Some time after the first crossover between the Prime and Mirror Universes since the Kirk and Spock era, the Mirror version of Miles O’Brien (Colm Meany), (nicknamed “Smiley” for his grumpy demeanor), develops an interdimensional transporter. He kidnaps the Prime Benjamin Sisko (Avery Brooks) and forces him to impersonate the Mirror Sisko, who has died since becoming a resistance leader. Sisko must persuade the Mirror Jennifer Sisko (Felicia M. Bell), a brilliant scientist fighting against the rebellion to switch sides. Since Jennifer died at the hands of the Borg during the battle at Wolf 359, Sisko can’t help but intervene.
With the notable exception of Lower Decks and Star Trek: Prodigy, the current incarnation of Trek shows have seemingly gone all-in on a Serious, Weighty tone. This makes a rewatch of the Deep Space Nine Mirror Universe episodes a relatively jarring experience. Its “alien soap opera” vibes come off as a campier version of TNG’s generally straight-faced seriousness. “Through the Looking Glass” brings the always-welcome Colm Meany to the forefront as it catches up with the apparent mess of a Mirror galaxy, but is unfortunately the last of the DS9 Mirror entries worth your time.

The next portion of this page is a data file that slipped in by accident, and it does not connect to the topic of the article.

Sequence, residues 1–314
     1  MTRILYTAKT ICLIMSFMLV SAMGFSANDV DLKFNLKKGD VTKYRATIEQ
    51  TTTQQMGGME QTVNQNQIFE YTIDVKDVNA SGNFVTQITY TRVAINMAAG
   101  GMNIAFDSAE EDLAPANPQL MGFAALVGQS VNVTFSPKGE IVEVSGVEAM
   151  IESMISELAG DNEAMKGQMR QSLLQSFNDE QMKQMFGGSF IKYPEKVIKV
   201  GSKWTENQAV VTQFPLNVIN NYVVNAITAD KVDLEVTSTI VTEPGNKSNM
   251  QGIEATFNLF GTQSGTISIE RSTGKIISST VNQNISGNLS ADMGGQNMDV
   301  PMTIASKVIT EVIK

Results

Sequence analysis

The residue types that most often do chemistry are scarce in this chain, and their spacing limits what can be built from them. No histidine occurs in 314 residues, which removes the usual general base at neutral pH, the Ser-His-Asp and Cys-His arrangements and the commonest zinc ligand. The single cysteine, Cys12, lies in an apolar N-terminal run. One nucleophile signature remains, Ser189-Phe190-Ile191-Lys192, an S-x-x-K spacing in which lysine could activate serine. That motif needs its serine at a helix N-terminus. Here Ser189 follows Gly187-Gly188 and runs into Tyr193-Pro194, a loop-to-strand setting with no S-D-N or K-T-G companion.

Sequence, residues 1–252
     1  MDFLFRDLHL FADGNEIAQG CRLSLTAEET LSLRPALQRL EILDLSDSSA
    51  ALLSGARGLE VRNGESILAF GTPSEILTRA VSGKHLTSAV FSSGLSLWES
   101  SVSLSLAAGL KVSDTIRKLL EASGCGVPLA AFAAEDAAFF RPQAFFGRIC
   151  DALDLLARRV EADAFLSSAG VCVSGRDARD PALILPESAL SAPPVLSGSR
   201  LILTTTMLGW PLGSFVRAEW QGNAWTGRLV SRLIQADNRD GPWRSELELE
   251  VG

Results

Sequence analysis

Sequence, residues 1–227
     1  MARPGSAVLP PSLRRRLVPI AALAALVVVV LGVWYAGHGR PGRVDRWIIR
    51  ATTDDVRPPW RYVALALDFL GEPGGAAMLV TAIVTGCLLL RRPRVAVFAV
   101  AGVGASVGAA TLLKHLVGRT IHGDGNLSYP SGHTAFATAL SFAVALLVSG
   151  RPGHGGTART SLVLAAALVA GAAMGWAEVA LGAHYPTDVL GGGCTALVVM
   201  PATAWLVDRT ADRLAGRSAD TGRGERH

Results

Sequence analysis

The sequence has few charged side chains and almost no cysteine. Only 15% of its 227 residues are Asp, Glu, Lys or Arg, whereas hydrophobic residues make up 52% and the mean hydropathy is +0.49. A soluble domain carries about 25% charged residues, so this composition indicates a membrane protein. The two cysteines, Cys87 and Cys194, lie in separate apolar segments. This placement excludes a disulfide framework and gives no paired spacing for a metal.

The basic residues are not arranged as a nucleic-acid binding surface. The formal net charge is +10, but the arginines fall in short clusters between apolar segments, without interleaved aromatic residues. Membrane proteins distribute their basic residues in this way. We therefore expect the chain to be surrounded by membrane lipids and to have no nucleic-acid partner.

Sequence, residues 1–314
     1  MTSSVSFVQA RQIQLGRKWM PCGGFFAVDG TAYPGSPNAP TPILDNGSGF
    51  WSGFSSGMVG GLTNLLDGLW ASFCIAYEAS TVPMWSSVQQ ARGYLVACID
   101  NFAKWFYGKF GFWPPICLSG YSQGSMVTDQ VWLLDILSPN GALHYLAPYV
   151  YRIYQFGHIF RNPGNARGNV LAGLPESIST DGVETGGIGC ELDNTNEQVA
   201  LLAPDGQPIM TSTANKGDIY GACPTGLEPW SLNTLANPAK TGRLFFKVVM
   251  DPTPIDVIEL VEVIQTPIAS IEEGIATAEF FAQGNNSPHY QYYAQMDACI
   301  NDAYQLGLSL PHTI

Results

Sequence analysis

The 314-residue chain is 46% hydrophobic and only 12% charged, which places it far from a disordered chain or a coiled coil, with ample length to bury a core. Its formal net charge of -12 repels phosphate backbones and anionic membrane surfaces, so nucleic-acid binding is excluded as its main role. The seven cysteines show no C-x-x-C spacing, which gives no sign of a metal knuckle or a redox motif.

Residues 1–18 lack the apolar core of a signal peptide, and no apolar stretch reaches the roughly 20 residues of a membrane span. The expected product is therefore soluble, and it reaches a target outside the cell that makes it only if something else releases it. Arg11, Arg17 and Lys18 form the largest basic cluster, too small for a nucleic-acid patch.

“The Wolf Inside” (Discovery, Season 1, Episode 11)
We learn more about the tumult engulfing Discovery’s Mirror galaxy in “The Wolf Inside.” The as-yet-unseen Emperor is preoccupied with quelling a rebellion, and has tasked the ISS Shenzou — captained by Michael Burnham — with destroying the recently-discovered rebel stronghold. Prime Burnham will not pretend to this level of amorality, and must balance her convictions with appeasing the ever-scheming Mirror crew’s suspicion. She and Tyler discover the leader of the anti-Terran resistance: this universe’s Voq. The Mirror Sarek (Burnham’s adoptive father in the Prime Universe) is a resistance leader, and via a mind meld comes to understand the promise of Burnham’s Federation. Voq triggers Tyler, who attacks him, jeopardizing the delicate balance Burnham tries to achieve.
Any show is a bit shaky during its first season, and Discovery is no exception. “The Wolf Inside” suffers a bit from stretching the Voq/Tyler reveal as far as possible. As ever, the main cast appears to be having a fine time vamping it up as their evil twins. Still, elements of “The Wolf Inside” might have been best woven into the surrounding episodes rather than a standalone placeholder.